Problems with the switch to 6G
- Shamik Mishra, CTO of Connectivity and Vice President at Capgemini Engineering, predicts questions like “Is 5G enough?” and “Do we truly need 6G or higher data rates, and if so, for what use cases? ” will persist over the coming years.
- “As more things—including businesses, homes, ports, and vehicles—become mobilely connected to the internet, wireless technology must advance to become more effective in terms of price, energy use, spectrum, and operations.”
- According to Volker Ziegler, Senior Technology Advisor and Chief Architect at Nokia, 6G will be cloud-native from the outset, with scalability and interoperability as the two most important factors.
- Because they were created separately, communication and computing systems have been a barrier to this shift. However, he continues, “We see an opportunity to permit increased interaction across these systems.” “New architecture designs for 6G are required to combine these essential components. These designs must be adaptable enough to enable services used on various distributed cloud platforms, whether private or public, edge, core, or on-premise.
- One of the main factors in the construction of Nokia’s 6G networks has been the increased focus on security that working with enormous volumes of data necessitates. We have extensively studied to ensure that network platforms in the 6G future are appropriately secured. Microservices are continuously monitored, and platform and workload integrity are protected both at boot and while running. We are also investigating if cryptographic components are secure for the approaching quantum computing era in the 2030s.
- In the future, new and exciting possibilities will be made possible by rethinking how networks work now, according to Vyas, including holographic communications, a tactile internet, intelligent network operations, and the convergence of networking and computing.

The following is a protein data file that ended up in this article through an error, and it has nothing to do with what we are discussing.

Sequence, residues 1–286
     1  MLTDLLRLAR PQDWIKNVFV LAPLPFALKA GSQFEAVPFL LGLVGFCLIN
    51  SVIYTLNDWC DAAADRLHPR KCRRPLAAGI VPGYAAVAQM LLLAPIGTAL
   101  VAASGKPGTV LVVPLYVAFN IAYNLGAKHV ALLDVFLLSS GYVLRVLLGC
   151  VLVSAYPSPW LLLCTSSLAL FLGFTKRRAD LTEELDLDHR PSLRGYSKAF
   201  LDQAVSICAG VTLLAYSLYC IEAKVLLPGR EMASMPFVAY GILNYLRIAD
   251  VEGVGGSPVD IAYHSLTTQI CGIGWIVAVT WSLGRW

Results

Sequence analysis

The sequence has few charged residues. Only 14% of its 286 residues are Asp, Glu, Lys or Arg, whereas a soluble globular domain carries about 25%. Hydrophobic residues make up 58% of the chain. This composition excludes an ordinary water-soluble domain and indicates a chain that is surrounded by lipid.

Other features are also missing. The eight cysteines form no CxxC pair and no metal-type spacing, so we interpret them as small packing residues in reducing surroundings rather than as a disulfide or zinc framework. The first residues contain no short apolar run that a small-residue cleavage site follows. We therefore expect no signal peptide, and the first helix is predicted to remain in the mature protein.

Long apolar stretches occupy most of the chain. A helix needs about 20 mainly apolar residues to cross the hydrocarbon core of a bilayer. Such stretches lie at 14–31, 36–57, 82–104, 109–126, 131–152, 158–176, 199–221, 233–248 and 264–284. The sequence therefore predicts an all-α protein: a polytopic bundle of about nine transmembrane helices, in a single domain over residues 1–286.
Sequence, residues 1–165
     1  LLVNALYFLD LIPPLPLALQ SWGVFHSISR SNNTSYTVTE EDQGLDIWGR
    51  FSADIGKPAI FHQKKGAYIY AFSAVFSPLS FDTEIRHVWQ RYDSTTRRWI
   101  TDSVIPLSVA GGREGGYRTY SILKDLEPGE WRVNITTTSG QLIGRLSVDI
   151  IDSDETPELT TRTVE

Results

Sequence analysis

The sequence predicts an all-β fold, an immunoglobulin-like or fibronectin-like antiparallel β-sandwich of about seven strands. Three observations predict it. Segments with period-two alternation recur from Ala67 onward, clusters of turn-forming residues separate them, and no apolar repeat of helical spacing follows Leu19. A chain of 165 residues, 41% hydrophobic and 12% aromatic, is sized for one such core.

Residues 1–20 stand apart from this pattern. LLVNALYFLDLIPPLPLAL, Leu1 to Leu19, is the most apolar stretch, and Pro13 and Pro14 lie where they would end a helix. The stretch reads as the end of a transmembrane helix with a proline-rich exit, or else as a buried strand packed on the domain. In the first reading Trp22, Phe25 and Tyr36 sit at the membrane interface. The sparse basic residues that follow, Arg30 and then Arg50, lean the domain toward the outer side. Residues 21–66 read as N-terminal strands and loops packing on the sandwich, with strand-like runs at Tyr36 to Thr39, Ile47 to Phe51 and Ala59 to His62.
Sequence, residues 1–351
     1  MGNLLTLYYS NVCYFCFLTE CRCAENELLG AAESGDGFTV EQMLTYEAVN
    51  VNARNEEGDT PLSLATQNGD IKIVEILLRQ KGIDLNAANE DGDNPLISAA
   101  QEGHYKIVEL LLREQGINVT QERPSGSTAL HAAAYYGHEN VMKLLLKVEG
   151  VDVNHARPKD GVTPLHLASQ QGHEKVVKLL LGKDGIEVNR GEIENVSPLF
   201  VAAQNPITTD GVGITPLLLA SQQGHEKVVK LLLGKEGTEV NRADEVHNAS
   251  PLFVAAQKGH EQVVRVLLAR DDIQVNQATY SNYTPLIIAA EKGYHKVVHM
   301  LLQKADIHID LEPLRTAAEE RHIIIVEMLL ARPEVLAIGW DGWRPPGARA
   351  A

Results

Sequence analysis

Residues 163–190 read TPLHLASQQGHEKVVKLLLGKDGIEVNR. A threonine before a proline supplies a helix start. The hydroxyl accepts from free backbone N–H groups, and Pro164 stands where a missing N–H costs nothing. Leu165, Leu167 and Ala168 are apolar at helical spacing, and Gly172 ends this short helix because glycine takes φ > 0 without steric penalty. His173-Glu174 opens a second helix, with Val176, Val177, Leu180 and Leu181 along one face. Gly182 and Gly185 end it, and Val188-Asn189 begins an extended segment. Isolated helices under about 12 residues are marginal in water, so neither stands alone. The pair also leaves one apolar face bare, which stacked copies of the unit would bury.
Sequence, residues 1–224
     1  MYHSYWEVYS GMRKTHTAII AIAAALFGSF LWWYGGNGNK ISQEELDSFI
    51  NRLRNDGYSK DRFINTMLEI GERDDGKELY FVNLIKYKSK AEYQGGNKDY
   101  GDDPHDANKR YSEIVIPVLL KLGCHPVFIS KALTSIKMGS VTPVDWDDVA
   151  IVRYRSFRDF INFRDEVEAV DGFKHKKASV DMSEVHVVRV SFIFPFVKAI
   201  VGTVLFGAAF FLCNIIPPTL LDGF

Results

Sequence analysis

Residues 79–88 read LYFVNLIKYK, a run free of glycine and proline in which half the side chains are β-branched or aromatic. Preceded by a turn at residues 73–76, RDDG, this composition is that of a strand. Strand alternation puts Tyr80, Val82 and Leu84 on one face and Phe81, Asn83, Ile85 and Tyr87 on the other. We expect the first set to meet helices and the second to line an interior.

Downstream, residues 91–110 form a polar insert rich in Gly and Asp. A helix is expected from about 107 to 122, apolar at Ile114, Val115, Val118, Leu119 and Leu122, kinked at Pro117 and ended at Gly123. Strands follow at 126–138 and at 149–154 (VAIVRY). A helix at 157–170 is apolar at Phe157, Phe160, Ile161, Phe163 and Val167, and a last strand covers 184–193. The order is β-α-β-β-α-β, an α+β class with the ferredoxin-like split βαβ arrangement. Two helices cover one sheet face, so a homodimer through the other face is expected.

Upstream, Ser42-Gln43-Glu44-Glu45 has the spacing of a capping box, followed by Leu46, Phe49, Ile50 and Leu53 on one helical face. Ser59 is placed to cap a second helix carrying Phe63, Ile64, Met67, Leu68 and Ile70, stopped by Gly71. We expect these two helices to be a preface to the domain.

- It’s challenging to forecast what 6G will look like. Still, based on what we’ve learned from 5G and open RAN networks, he continues, “we know 6G is going to be AI-based, highly intelligent, and fully integrated, with ultra-low latency systems and massive ecosystems using open interfaces.”
Additionally, Mishra predicts that 6G networks will extensively use machine learning (ML) as mobile networks get more comprehensive and complicated.
He states, “6G will scale AI/ML to improve radio/network architecture, network management, orchestration, and resource management.” “Through real-time data consumption, edge computing/AI-driven apps in combination with the sensor network will enable various new intelligent industry use cases. According to Goetz, the reality-defying demands of 6G necessitate a reevaluation of what a cellular network looks like. The traditional ‘cell’ architecture, which had previously served as the basic unit of design for cellular and is, in fact, the ‘cell’ in cellular, was one of the first things we performed. The architecture of 6G will be “cell-free,” meaning there won’t be any cell or cell boundaries A scale-out, the elastic cloud platform is connected to a large number of distributed radios, which is the core concept of cell-free. With 6G, the entire network can adapt to the size required to serve the user best, whether that size is large or small. It develops into a more dynamic grid.
To enable a smooth transition, a new network infrastructure is needed.